Pharma Industry Leaders: COVID-19 Vaccine IP Waiver Concept Flawed

Bourla_Drew Angerer/Getty Images

Drew Angerer/Getty Images

After the Biden administration signaled support on Wednesday for a proposal that would temporarily waive intellectual property (IP) rights on COVID-19 vaccines to accelerate access for poorer countries, pharmaceutical leaders were quick to point out that, among other problems, such a waiver would likely not work.

On Thursday, Pfizer chief executive officer, Albert Bourla, who is “not at all” in favor of the U.S. position, stated that the real challenge is manufacturing capacity.

“We should focus our efforts in what we can build right now, and that is enough capacity to produce billions of doses. The problem is that there are no facilities in the world outside the ones that we can build ourselves, that can make mRNA vaccines,” said Bourla, in reference to the technology behind the Pfizer/BioNTech and Moderna vaccines.

The proposal, introduced in October by South Africa and India and backed by some 100 countries, would suspend certain aspects of the World Trade Organization (WTO)’s current Agreement on Trade-Related Aspects of Intellectual Property Rights (TRIPS). This would ostensibly serve to make it easier for developing nations like India, the current epicenter of the crisis, to manufacture or import COVID-19 vaccines, diagnostics and therapeutics.

Stanford law professor Lisa Ouellette told BioSpace that an IP waiver would not help with India’s current crisis.

“It’s not going to rapidly increase supply because even if the original manufacturer of the vaccine helps that new company actively transfer the technology, it takes time to get the manufacturing up and running,”  Ouellette said. “It could help a few months from now, depending on what happens with technology transfer from the originator companies.”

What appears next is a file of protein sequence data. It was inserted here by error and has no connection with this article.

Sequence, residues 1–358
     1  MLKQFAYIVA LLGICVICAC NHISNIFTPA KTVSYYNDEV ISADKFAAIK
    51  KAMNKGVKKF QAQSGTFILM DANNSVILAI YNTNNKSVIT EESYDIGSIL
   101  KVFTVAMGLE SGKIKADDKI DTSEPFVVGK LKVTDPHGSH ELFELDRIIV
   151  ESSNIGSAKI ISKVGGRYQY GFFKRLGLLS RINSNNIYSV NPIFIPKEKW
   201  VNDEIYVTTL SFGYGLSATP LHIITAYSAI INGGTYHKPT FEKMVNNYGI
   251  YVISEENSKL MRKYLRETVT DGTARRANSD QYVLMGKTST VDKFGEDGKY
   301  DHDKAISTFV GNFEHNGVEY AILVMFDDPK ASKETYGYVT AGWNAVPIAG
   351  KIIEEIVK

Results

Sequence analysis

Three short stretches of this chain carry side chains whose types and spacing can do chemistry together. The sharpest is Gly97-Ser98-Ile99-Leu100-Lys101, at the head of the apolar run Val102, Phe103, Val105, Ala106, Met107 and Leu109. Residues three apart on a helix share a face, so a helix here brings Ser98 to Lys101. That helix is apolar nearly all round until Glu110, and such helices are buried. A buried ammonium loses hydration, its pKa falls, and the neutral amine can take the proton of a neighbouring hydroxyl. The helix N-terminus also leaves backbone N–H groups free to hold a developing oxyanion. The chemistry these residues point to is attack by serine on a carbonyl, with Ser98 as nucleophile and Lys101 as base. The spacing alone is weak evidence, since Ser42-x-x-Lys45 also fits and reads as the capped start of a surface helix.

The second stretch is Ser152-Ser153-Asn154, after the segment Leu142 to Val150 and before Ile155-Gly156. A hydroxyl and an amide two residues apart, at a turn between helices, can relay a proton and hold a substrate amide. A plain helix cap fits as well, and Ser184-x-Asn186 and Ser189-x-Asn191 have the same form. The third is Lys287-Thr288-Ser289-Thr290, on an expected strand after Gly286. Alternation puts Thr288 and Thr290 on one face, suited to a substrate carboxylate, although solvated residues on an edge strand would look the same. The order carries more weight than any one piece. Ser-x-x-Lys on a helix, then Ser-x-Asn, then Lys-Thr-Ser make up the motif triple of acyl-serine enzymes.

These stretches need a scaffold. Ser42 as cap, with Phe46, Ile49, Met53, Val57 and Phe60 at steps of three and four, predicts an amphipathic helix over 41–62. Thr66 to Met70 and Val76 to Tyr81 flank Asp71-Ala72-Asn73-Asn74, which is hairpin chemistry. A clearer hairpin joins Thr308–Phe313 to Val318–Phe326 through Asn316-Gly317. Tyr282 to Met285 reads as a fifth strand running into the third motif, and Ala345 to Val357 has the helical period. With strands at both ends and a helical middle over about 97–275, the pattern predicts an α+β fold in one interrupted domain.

Moderna Chief Executive Officer Stéphane Bancel was unconcerned in a first quarter earnings call on Thursday, while announcing that his company was increasing the 2021 supply forecast for its vaccine to between 800 million and 1 billion doses and up to 3 billion in 2022.

“I didn’t lose a minute of sleep over the news during the night,” the biotech boss told analysts on the call.

"There is no mRNA in manufacturing capacity in the world," Bancel continued. "This is a new technology. You cannot go hire people who know how to make the mRNA. Those people don't exist. And then even if all those things were available, whoever wants to do mRNA vaccines will have to buy the machine, invent the manufacturing process, invent verification processes and analytical processes."

In other words, Moderna, whose stock closed down by 1.44% on Thursday, will be just fine.

A longer-term concern for drug makers like Moderna and Pfizer in possession of novel technology like mRNA could be that once the genie is out of the bottle, it is difficult from an IP perspective, to put it back in. 

Thomas Kowalski, an attorney specializing in intellectual property law at Duane Morris, asserted that the U.S. government must guard against allowing foreign companies to use COVID-19 vaccine makers’ technology to compete in areas outside of COVID-19. Kowalski said that once a competitor has the technology, restrictions on its use are difficult to enforce.

Moderna’s pipeline consists of mRNA-based vaccines against HIV, influenza, and cancer, along with Intratumoral Immuno-Oncology assets for solid tumors and lymphoma.

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